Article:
Arts in Dementia Care: Beware of the Silo Building

Tandem_logoI am looking forward the upcoming TAnDem Arts and Dementia Conference entitled “Research into Practice”. I come from a healthcare and training background and am a keen supporter and advocate of arts in care (music especially) I look forward to improving my knowledge and confidence through the conference.

I won’t lie though, my feathers are always ruffled when I note that events progressing arts in dementia care are often viewed as being of particular interest to arts therapists, practitioners, artists and researchers. Others might be people living with dementia and their carers, and funders and commissioners of arts programmes.

And let the silo building begin…

The irony in the absence of clinical, health and social care workers as key audience members and participants has got me riled up! The absence (perhaps exclusion) of  those who deliver the most intimate, direct, continuous, medical and social support to people with dementia is a mistake. They are in fact the priority. For the uptake of arts in dementia to be implemented as part of practice requires their up-skill.

The good work of a music therapist, art therapist, ANYist(!) is easily undermined or undone by staff who lack an understanding of the theories, process and impact of art interventions. Think about it. Whilst research for its own sake is beneficial to researchers and art practitioners, in order to see it really translate into practice requires a multi-disciplinary approach. We want to see these arts translate into support plans, care plans, funded care packages right? The establishment of music, painting, craft, poetry as part of the management of pain, anxiety etc…in dementia care right?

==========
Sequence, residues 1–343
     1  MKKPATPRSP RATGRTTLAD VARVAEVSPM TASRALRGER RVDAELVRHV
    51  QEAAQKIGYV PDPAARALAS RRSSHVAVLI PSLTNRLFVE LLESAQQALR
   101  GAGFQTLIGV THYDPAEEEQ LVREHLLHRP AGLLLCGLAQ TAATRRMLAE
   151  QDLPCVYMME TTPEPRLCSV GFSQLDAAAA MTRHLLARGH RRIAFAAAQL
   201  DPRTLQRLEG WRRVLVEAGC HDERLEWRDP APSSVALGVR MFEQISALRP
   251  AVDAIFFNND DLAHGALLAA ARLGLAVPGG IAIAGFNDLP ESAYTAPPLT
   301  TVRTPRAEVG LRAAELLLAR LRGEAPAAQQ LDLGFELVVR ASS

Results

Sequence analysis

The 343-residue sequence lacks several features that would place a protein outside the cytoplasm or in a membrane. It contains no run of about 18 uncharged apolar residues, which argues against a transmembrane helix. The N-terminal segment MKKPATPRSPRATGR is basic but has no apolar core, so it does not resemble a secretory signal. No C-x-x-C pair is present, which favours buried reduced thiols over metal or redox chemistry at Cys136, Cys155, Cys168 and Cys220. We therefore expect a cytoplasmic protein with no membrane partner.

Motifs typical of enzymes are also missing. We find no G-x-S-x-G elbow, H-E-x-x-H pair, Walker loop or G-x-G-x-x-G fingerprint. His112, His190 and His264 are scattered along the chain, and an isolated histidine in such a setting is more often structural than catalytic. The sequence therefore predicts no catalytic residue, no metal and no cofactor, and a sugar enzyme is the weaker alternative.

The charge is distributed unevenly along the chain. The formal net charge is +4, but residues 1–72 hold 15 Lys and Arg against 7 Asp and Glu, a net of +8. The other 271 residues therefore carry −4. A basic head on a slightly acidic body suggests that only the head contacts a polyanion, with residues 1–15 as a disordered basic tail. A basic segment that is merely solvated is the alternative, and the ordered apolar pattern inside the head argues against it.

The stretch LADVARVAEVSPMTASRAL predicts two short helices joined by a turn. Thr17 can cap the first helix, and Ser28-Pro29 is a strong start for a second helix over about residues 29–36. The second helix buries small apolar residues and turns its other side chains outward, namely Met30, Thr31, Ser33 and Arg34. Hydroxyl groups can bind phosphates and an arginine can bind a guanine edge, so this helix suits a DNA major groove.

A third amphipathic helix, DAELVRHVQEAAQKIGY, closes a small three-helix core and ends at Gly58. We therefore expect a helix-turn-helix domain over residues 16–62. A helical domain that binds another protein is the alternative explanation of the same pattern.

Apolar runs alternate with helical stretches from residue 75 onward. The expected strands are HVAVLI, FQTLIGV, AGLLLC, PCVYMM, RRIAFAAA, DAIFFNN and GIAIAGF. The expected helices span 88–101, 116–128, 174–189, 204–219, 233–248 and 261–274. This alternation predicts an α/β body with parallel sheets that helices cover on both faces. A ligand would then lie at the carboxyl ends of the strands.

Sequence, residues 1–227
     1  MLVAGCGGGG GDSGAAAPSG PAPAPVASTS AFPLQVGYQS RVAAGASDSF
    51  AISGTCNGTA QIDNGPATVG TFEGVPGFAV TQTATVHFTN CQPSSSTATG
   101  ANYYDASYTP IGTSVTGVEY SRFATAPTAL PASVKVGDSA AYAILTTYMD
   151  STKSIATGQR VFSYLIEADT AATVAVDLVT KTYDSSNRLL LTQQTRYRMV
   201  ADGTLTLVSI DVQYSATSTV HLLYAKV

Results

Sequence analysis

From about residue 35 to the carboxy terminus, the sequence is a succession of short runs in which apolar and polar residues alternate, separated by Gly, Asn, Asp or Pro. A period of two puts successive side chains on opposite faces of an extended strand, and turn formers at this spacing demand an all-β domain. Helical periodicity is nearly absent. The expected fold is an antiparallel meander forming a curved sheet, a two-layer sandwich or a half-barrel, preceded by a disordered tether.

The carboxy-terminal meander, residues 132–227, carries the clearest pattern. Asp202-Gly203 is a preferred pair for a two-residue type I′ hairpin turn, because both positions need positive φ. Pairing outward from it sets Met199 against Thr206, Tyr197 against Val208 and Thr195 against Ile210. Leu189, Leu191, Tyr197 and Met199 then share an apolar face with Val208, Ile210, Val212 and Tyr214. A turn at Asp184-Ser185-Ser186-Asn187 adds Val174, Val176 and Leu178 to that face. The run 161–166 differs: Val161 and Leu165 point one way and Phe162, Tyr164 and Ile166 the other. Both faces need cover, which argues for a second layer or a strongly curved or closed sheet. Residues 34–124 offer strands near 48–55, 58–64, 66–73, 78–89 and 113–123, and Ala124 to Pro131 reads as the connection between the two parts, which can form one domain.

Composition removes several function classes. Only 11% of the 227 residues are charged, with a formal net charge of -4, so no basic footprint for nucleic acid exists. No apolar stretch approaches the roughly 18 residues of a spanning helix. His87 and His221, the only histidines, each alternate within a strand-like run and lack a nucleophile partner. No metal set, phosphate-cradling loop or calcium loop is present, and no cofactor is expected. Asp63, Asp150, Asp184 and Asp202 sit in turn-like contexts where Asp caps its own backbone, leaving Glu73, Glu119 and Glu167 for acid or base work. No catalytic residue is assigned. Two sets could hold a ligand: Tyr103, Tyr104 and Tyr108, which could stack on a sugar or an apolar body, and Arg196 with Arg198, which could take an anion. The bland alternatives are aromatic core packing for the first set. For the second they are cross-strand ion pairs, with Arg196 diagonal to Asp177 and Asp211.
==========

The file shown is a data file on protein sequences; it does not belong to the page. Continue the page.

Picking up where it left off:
Arts are not a useful adjunct but a necessity for quality of life, personalised care and wellbeing. Without frontline health and care teams engagement in conferences like this we can be assured that arts, creativity, even assistive technology will always be relegated to the periphery of traditional care settings. It is a mistake that costs people with dementia and their Carers dearly.

Hoping to see frontline staff at this conference. Let’s all learn more about how to enhance music and creative arts approaches to care so people living with dementia can flourish.


Farai Pfende
Head of Learning & Development

One Response to Arts in Dementia Care: Beware of the Silo Building

  1. Jennie Prest August 25, 2016 at 2:00 am #

    I was really interested to read your comments on the involvement of “carers, and funders and commissioners of arts programmes.” I volunteer on a weekly basis to teach art at a local care home for elderly and disabled people, so I experience first hand the large gap between those enjoying the art sessions and the understanding of the care staff in particular, as they are only involved in getting the participants to and from the art room. There are exceptions – those care staff who take a real interest in what participants are working on, and involve them in discussions about it on their arrival and departure, but these are the exception.

    As cost is the governing factor in this and most such establishments, I’m not hopeful that much will change. Hopefully I am wrong. Jennie Prest

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